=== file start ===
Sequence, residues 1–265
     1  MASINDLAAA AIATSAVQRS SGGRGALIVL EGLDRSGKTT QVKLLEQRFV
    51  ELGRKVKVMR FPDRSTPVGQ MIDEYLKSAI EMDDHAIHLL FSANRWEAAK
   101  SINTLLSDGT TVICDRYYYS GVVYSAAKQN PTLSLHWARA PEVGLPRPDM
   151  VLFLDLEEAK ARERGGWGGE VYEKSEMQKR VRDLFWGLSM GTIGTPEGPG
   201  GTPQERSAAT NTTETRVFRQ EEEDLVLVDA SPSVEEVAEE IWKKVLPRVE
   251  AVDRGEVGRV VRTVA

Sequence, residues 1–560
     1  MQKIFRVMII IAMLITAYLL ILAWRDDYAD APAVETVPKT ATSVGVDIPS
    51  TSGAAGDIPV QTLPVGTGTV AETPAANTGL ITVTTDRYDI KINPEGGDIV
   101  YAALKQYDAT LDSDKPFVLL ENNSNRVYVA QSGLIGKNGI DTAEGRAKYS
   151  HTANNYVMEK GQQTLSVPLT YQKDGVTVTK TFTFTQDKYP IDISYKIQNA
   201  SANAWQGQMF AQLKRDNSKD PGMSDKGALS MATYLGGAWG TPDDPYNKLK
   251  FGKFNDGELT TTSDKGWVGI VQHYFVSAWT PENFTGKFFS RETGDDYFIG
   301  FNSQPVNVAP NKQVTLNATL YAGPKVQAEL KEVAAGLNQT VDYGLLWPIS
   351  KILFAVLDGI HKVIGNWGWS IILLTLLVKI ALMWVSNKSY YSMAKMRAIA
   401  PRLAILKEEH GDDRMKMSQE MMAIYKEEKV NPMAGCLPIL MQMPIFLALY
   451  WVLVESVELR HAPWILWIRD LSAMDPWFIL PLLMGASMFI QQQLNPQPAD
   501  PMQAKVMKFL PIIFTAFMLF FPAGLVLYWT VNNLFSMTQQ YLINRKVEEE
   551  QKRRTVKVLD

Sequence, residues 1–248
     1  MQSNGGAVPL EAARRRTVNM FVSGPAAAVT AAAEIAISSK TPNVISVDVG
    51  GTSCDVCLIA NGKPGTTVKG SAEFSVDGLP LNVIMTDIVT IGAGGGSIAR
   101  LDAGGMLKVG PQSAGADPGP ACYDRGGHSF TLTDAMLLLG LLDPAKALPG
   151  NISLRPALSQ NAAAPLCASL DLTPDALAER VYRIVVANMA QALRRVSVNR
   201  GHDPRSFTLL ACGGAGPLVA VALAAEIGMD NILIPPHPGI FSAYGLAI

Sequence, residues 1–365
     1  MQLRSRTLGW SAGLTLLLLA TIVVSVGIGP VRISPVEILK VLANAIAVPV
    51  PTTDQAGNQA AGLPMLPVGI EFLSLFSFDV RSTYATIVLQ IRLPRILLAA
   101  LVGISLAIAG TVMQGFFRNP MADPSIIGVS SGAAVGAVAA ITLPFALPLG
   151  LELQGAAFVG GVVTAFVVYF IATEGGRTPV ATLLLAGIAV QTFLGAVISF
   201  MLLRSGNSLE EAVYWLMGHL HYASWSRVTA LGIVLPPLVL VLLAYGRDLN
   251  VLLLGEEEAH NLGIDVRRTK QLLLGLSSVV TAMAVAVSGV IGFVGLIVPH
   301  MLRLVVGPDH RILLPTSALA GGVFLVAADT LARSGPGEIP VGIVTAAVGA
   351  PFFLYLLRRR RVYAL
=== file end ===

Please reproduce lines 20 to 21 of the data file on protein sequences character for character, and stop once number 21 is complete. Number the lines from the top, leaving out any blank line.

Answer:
   551  QKRRTVKVLD

Sequence, residues 1–248